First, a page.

Britain’s Biggest Climate Change Campaign – 12 to 18 March 2012
Climate Week is a supercharged national campaign to inspire a new wave of action on climate change. It culminates with thousands of events and activities taking place throughout the week of 12 to 18 March 2012, planned by organisations from every part of society. Showcasing real, practical ways to combat climate change, the campaign aims to renew our ambition to create a more sustainable, low-carbon future.
The window of opportunity for action on climate change is rapidly closing. The UK is far from where it needs to be, but in every sector solutions are being pioneered, adopted and refined. The campaign aims to accelerate and enhance this process by inspiring more action through real examples – both the small improvements and the big innovations.
Climate Week’s Headline Partner is Tesco, which aims to become a zero-carbon business by 2050 – without purchasing offsets. In addition it has committed to work with its suppliers to reduce emissions from products in its supply chain by 30% by 2020, and to find ways to help its customers halve their own carbon footprints by 2020. Climate Week’s Supporting Partners are EDF Energy, H&M, Nissan and SodaStream. EDF Energy is Britain’s largest producer of low-carbon electricity, H&M is for a more sustainable fashion future, the 100% electric Nissan LEAF is driving change for a sustainable future, and SodaStream is the smarter way to enjoy sparkling drinks.
You can register now for the Climate Week Challenge, judged by celebrities including Kate Humble, Bruce Parry, and Liz Bonnin. The Climate Week Challenge in 2011 was Britain’s biggest ever environmental competition, with over 145,000 people participating in the one day and one-hour versions. This year teams from schools, workplaces, and community groups will again be challenged to come up with creative solutions to a problem that is only revealed on the Monday morning Climate Week.
The prestigious Climate Week Awards recognise the most inspirational and impressive actions taking place in every sector of society. The judging panel contains figures such as the human rights activist, Bianca Jagger, the former President of Ireland, Mary Robinson, and the Bishop of London. Winners from 2011 included a community-run hydroelectric project in Settle, North Yorkshire, a virtually waterless new washing machine that uses polymer beads to clean clothes, and a schools project in the North East of England that has resulted in over 18,000 hours of pupil-led activities.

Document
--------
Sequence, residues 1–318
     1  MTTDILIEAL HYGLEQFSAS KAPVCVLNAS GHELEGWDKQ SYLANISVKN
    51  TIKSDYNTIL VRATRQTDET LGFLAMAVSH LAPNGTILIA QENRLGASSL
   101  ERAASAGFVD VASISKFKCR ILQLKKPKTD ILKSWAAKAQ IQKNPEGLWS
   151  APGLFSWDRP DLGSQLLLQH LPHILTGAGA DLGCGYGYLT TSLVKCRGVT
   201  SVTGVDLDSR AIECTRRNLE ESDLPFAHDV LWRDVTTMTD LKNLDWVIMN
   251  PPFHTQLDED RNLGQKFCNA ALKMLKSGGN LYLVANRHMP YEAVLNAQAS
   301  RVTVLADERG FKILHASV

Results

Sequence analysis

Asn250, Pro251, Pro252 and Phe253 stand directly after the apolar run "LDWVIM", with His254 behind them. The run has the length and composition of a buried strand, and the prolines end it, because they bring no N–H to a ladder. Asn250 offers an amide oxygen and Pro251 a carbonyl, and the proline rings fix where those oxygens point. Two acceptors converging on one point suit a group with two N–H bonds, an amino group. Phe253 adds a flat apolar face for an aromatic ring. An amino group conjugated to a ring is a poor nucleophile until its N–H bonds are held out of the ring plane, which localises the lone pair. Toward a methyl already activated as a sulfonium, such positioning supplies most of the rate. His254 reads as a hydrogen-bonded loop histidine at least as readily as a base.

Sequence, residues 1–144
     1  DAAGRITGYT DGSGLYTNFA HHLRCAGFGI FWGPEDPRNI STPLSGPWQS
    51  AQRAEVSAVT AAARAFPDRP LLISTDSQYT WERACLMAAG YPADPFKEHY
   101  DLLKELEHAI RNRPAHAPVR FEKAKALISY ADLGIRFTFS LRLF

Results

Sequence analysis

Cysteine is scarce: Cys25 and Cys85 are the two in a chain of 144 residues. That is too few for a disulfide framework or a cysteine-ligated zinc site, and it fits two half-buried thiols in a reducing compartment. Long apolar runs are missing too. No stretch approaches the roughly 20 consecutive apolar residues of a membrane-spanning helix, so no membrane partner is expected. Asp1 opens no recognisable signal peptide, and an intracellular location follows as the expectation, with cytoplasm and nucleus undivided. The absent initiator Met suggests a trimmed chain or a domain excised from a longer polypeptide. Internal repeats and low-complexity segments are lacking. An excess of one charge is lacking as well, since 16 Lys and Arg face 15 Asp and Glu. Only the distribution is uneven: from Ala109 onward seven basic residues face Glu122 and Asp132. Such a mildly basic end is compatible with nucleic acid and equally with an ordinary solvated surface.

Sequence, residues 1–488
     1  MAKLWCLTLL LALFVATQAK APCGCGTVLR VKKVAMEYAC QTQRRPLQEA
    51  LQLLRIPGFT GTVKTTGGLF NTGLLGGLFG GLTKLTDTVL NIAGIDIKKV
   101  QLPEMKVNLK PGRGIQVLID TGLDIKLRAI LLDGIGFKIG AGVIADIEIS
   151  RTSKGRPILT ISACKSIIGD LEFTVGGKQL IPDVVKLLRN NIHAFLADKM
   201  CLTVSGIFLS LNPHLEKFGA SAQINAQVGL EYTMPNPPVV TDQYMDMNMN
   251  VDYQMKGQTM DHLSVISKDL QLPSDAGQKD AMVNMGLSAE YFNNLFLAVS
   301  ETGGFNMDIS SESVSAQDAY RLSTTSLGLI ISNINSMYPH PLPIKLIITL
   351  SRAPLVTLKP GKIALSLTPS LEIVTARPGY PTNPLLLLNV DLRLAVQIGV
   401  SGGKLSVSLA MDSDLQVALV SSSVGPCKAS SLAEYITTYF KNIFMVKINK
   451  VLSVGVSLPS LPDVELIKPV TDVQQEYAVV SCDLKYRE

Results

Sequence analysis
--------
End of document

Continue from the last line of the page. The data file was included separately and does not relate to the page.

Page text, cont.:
Climate Week Cuisine is a new part of the campaign for 2012, encouraging people to make the food that they eat a part of the solution to climate change. They can do this by joining in the call to action of eating a low carbon meal during Climate Week. This can be done easily by eating less meat or dairy, eating local, seasonal ingredients, or eating leftovers. Inspiration and ideas are being provided by a number of celebrity chefs including Hugh Fearnley-Whittingstall, Angela Hartnett, and Levi Roots.
There are a number of other elements to the campaign. The Climate Week Pub Quiz will be run in hundreds of pubs and workplaces. The Climate Week Play in a Day at the Arcola Theatre in London features award-winning writers and celebrity performers putting together five 15 minute plays in just 24 hours.
There were over 1,000 pieces of media coverage about the last Climate Week, with national articles ranging from the business pages of The Telegraph to the fashion pages of the Daily Mail. Television coverage included a feature on BBC Breakfast, an entire episode of children’s show Blue Peter, and comedian Marcus Brigstocke discussing the campaign on the One Show.
Organisations can get involved right now by starting to plan an event for Climate Week. This provides a unique opportunity to profile their own initiatives and innovations to stakeholders and staff, customers and the community, members and the media. They can also spread the word in advance, so that others find out about Climate Week in time to plan their own activities.
Individuals can help right now by asking the organisations they know – such as their workplace or local school – to plan an event or activity for Climate Week. They can also register to take part in the Climate Week Cuisine call to action and plan to eat a low carbon meal during Climate Week.
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